30. ^ "Rodney King Fight Results". BittenAndBound.com. September 12, 2009.
  31. ^ Stamm, Dan (August 19, 2009). "No Plan to 'Get Along' When Rodney King Takes on Former Cop". NBC Philadelphia. Retrieved 2009-12-01.
  32. ^ Celebrity Rehab with Dr. Drew Episode 3.6 ("Triggers") VH1; February 11, 2010

References

External links


Quotes

Up to date as of January 14, 2010

From Wikiquote

Rodney Glen King (born April 2, 1965) is an African-American resident of Los Angeles who was violently arrested by officers of the L.A. Police Department. The event was videotaped by a bystander, and the incident raised a public outcry among those who believed it was a racially motivated and gratuitous attack. The acquittal in a state court of the four defendants, charged with using excessive force, provided the spark that led to the 1992 Los Angeles riots.

Sourced

  • People, I just want to say, you know, can we all get along? Can we get along? Can we stop making it, making it horrible for the older people and the kids? … It’s just not right. It’s not right. It’s not, it’s not going to change anything. We’ll, we’ll get our justice … Please, we can get along here. We all can get along. I mean, we’re all stuck here for a while. Let’s try to work it out. Let’s try to beat it. Let’s try to beat it. Let’s try to work it out.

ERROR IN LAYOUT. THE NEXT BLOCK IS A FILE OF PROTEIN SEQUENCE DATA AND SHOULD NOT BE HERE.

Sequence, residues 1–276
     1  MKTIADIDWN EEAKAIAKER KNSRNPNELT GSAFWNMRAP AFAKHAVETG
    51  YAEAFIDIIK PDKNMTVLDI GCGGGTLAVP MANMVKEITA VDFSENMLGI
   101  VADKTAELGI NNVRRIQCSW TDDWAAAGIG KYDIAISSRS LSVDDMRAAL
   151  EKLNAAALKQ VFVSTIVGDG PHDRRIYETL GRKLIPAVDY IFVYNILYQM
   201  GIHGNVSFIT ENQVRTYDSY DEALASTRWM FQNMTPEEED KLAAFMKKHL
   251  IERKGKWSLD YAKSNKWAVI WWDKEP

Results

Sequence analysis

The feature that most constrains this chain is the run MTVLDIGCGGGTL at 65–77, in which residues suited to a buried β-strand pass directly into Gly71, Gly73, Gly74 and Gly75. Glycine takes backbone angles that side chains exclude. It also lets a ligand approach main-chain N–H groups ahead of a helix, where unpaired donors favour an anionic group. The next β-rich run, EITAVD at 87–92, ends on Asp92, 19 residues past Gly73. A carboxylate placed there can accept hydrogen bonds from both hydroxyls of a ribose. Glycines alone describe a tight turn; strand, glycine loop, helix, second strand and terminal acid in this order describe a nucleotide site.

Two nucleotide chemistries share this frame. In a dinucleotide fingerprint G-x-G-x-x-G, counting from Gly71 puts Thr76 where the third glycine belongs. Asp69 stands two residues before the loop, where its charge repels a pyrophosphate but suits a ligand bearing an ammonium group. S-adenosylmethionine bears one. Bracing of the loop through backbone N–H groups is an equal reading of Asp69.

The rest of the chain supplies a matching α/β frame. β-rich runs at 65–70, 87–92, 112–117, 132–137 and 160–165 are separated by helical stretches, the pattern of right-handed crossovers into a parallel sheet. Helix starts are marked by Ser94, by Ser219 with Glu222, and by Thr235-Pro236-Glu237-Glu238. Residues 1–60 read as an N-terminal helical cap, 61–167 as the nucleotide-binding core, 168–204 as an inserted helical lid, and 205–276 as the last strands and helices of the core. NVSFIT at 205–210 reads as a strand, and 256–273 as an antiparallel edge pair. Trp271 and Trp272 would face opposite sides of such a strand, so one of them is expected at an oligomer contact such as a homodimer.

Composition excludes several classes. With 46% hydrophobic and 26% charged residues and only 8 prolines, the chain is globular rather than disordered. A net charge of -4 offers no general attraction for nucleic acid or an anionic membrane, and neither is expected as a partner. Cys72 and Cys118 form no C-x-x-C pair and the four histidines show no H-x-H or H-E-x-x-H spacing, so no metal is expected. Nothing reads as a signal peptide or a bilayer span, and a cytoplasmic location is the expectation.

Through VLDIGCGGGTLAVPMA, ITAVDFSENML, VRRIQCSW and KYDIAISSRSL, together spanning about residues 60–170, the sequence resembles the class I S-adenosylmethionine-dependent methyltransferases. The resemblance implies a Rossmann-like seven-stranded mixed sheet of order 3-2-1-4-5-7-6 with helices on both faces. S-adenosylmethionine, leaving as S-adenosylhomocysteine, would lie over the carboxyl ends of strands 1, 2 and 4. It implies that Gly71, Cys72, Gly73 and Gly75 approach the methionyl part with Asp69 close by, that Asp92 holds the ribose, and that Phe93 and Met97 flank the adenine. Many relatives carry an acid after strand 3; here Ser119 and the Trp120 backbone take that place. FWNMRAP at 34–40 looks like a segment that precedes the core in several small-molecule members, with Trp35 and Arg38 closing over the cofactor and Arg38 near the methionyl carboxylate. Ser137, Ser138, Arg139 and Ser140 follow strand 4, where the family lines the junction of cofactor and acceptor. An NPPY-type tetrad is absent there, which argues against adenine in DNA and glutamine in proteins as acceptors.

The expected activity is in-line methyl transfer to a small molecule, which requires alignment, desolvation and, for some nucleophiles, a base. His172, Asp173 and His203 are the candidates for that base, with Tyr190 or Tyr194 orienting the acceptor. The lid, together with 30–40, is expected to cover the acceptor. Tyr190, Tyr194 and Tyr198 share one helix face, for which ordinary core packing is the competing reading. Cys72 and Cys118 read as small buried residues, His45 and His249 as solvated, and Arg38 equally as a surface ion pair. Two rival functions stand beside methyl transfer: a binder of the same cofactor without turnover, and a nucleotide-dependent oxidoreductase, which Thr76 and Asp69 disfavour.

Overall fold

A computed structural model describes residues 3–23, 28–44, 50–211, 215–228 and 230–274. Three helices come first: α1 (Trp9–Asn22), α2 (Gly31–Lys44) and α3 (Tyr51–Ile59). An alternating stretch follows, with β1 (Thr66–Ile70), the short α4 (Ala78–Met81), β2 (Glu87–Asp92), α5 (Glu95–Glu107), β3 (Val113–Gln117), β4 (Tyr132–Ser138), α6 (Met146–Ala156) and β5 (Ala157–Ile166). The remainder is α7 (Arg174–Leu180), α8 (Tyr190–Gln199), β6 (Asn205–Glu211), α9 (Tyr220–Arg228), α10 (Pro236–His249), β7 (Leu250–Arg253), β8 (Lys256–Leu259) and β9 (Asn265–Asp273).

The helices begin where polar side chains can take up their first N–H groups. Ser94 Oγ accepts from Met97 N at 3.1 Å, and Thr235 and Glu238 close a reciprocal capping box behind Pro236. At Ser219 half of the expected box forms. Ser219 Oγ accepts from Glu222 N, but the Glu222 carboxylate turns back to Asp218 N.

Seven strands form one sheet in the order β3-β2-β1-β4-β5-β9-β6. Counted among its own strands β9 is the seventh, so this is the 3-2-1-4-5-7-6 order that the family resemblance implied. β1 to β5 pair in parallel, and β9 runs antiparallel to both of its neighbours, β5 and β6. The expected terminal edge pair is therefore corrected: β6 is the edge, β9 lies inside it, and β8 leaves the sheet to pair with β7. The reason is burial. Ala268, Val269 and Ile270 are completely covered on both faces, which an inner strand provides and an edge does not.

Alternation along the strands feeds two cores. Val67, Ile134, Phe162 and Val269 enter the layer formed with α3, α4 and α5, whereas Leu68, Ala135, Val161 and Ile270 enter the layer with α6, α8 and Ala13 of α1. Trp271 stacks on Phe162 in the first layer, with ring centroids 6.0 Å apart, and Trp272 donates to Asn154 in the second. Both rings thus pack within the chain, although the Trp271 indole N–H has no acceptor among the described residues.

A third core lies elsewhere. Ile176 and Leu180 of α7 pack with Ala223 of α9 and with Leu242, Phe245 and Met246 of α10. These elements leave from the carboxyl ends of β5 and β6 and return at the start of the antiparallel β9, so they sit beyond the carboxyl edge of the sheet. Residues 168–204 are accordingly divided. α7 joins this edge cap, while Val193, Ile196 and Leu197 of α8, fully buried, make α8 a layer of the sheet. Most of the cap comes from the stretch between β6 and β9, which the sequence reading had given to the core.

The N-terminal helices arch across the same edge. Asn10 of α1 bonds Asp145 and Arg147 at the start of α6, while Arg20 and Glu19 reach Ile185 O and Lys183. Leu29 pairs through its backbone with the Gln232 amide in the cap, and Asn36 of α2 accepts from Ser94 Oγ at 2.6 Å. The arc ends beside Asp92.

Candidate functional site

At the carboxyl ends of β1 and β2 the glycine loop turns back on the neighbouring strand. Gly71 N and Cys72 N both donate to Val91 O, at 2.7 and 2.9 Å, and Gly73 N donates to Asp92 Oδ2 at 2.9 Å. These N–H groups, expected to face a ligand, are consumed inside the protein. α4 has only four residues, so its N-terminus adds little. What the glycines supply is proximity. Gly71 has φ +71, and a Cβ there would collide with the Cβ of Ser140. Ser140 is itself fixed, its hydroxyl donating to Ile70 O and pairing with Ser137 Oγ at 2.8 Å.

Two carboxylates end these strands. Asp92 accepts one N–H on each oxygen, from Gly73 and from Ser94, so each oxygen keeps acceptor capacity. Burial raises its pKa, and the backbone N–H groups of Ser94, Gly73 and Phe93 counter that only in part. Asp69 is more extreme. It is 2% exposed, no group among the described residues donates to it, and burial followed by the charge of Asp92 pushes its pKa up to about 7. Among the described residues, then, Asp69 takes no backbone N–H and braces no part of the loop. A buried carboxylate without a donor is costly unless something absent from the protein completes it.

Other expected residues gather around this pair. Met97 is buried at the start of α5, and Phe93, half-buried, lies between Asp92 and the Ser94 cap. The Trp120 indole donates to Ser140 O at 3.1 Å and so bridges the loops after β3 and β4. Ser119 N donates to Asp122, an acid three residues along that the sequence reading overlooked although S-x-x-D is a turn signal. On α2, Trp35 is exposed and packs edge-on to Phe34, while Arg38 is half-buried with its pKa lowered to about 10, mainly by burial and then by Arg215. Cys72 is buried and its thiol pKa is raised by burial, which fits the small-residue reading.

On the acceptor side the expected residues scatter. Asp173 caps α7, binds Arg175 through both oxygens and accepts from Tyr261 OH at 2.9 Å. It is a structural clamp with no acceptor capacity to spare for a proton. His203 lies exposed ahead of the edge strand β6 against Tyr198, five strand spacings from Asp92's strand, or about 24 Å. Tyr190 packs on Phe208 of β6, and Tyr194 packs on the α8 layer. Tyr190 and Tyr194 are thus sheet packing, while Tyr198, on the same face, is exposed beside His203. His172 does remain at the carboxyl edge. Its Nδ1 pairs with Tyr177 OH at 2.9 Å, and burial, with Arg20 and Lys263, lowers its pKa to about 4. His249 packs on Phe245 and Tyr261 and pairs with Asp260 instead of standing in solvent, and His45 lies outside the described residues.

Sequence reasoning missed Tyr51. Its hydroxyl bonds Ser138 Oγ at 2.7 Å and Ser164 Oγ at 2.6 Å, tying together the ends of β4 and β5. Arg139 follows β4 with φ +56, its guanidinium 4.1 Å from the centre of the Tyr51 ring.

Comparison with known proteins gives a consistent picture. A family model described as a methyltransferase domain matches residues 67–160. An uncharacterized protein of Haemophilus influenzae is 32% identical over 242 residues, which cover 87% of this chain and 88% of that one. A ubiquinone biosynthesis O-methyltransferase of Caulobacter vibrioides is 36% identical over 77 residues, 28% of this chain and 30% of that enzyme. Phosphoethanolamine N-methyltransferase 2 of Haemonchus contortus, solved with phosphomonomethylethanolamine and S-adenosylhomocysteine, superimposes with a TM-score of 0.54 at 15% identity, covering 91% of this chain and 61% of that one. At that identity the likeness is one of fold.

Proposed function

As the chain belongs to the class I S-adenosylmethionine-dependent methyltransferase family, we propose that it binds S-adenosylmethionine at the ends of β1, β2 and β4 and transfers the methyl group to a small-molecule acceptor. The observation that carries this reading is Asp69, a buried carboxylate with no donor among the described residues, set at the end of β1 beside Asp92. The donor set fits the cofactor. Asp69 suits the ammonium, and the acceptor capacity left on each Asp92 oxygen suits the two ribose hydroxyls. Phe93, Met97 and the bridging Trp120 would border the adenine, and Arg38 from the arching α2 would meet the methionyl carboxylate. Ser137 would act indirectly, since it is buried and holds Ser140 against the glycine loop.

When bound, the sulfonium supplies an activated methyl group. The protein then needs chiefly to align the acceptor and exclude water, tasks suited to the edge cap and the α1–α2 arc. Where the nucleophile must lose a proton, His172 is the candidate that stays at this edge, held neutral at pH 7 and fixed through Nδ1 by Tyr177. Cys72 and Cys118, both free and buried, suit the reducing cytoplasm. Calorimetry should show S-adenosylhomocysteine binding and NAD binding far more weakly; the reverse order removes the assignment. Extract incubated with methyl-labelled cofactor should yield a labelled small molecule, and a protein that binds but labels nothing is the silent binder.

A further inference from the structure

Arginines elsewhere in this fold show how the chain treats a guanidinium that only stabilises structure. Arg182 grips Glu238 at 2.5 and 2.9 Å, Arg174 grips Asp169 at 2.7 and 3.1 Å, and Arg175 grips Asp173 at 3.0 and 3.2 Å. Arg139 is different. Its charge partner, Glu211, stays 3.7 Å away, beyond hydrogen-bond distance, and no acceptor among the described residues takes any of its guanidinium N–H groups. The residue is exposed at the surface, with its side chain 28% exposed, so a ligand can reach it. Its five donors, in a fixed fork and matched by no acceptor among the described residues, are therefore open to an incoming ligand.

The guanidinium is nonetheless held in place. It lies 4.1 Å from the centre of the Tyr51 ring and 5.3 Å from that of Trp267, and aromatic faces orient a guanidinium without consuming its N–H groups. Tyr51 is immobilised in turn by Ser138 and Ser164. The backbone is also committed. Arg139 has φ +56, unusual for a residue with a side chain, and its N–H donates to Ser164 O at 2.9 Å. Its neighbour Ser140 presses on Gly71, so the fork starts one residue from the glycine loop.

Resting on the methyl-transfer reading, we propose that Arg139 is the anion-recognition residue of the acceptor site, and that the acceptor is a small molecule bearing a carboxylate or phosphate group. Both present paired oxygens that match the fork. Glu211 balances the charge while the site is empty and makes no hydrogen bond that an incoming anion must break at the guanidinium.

• King appealing for calm during the Los Angeles riots (May 1, 1992)
  • You know, before when (the police went) to work, they used to be like, 'I'm gonna kick somebody's ass today and so I hope I can catch somebody in a bad situation or breaking the law, because I'm gonna beat someone's ass in a big way, I think that attitude has changed.